Features Australia

Why I’m homeschooling

And I’m not telling the bureaucrats

21 September 2013

9:00 AM

21 September 2013

9:00 AM

My journey from homeschooling sceptic to homeschool cheerleader was in two parts. There is the practical journey, which takes in literacy, numeracy, and science; and there is what I will call the emotional journey.

My practical journey actually pre-existed. As a teenager, I would routinely read the essays submitted to my university lecturer mother by her aspiring-teacher students. Spelling and grammar were consistently appalling, but it was the sentences containing no discernible meaning that I particularly enjoyed. So I was predestined to begin sentences with a chronologically smug ‘In my day we were taught correct…’

But my practical journey proper began when I was at a relative’s house, and I noticed a letter on the kitchen bench. My niece’s primary teacher had written to parents and had taken it upon herself to use four different fonts. The document was an aesthetic war zone, but when spelling and grammar were considered, it was a literary apocalypse.

At that moment in the kitchen I charted a course for the homeschool. Schooling — as I understood it — had always been a collaborative exercise between teachers and parents, with the primacy belonging to the parent. But formal schooling, it seemed to me, was the most obvious forum for the teaching of at least basic literacy and numeracy.

The reality, however, is that our schools just don’t do well at these areas, which are where most parents need the most help. According to the Federal Government, 75,000 kids failed to meet the Naplan minimum reading standard last year, and many thousands more were below average. In the face of such grim figures, it’s surprising to see Australia ranked sixth overall on the OECD table for literacy, numeracy and science, but this is a smoke-and-mirrors trick.

The dumbing down of education has taken over our schools, as it has throughout the western world. In once academic disciplines such as English, knowledge is forsaken for the imperatives of creativity and expression. As the Chair of Language and Communication at Oxford remarked, ‘I actually deplore the use of the words “correct” and “incorrect” in relation to language… I really hate people being given inferiority complexes over the way they talk or write.’ Well yes, but isn’t it the job of education to correct deficiencies, rather than to imagine every existing rule and convention as optional?

Accounts of essentially illiterate university students are legion, and some of them graduate in education. Hence the letter on the kitchen bench. And so, while the priority of literary and numeracy is diminished, other ways of spending class time happily fill the void. Here begins my emotional journey, and it’s emotional for two reasons.

Firstly, the subjects that fill the void are, from the progressive educationalist’s perspective, best taught emotionally. I have a ‘class news’ sheet from one state high school which reports on the Australian ‘refugee crisis’ that students had discussed. Readers of this magazine won’t be surprised, but the news sheet is completely devoid of any sensible discussion on border integrity, international law, human rights, broader immigration policy, or even the underlying factors that necessitate people attempting hazardous sea journeys. Rather, it is replete with pithy quotes about ‘refugees [being] people too,’ Israel being racist, and Palestinians arriving by boat (although to be fair, the context suggests some confusion of Palestine with Yemen). It is also laden with spelling mistakes which were obviously overlooked lest any student be given an inferiority complex.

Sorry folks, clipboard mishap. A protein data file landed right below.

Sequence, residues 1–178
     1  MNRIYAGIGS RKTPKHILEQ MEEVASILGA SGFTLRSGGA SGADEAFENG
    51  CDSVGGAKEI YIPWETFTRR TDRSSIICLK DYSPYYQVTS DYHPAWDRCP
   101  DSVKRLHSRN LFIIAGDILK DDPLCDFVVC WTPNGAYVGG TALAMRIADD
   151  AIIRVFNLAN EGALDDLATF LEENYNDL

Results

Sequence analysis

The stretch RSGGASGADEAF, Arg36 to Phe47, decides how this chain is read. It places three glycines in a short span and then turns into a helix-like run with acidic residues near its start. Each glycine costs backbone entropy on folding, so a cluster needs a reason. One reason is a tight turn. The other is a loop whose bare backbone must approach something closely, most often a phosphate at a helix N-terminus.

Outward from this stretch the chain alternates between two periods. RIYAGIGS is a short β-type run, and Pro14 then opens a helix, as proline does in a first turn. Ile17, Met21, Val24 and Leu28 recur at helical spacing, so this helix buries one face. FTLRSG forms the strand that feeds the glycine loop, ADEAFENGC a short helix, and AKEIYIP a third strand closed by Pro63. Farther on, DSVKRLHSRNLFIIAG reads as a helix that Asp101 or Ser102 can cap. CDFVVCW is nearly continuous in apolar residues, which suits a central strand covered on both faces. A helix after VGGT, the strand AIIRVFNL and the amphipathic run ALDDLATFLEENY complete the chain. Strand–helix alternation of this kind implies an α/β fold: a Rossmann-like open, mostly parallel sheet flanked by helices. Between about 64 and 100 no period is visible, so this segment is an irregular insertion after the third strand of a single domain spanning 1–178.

I should say, however, that all things being equal I love this type of discussion. And in homeschooling I imagine there will be ample opportunity for wide-ranging discussion, and earnest colloquy about current issues in society, politics and culture. The problem, of course, is that all things are not equal. Up to 75,000 children failing to meet minimum Naplan standards puts the equation way out.

And yet, emotional, politically correct orthodoxies are woven into every part of the curriculum as the teachers and schools invest heavily in areas which should be the preserve of parents, leaving parents to deal with literacy and numeracy issues as they supervise homework and pay for private tuition. In the impending national curriculum, omnipresent ‘cross-curriculum priorities’ such as ‘Aboriginal and Torres Strait Islander histories and cultures’ touch all areas of study, doubtless with their progressive agendas and dumbed down, emotional philosophies and methodologies of education.

Secondly, it’s an emotional journey because I get emotional about it. Remember we’re in the realm of history, philosophy, the environment, the arts, literature, and economics — rather than lexical meanings, and moods, tenses and cases, or algebra and geometry. These incorporate the foundations of religion, politics, activism, human rights, questions of good and evil, and questions of life and death. And I get emotional as I think about how these things will be taught to my kids, and by whom.

In all states, a child must either attend a registered school, or be registered as homeschooled. The former requires submission to the prescribed curriculum, but so does the latter, together with the attendant key learning areas and cross-curriculum priorities. And lest parents who choose the homeschooling option be lazy or uncommitted, the government employs inspectors — euphemistically titled ‘consultants’ — to pry into homes and pore over workbooks. Of course, their main job is to enforce the curriculum, and while people who volunteer to do that may be unmoved by correct spelling, they will be very particular about correct language!

Having arrived at my homeschooling destination, it would seem a pity then to submit to the state’s curriculum and inspection regime. And besides, my general rule is that government agents produce warrants before entering my home. Perhaps one day they will come equipped with one, and require my kids attend an approved school to be re-educated in accordance with Canberra’s edicts. But until then I’ll teach my kids literacy, numeracy and science using some of the range of curricula available. And, with the help of authors and experts of my choosing, I’ll educate them in what they need to know to understand their society, culture, politics, economy, and heritage. And I won’t be telling the bureaucrats.

Got something to add? Join the discussion and comment below.

Chris Ashton is completing masters degrees in church history (Presbyterian Theological Centre) and United States studies (University of Sydney).

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  • Bec Dye

    Interesting article Chris! I’m passionate about education and passionate about teaching God’s view of the world to our kids. We’re going down the Christian schooling road. I could not home school my children- and I don’t say that lightly.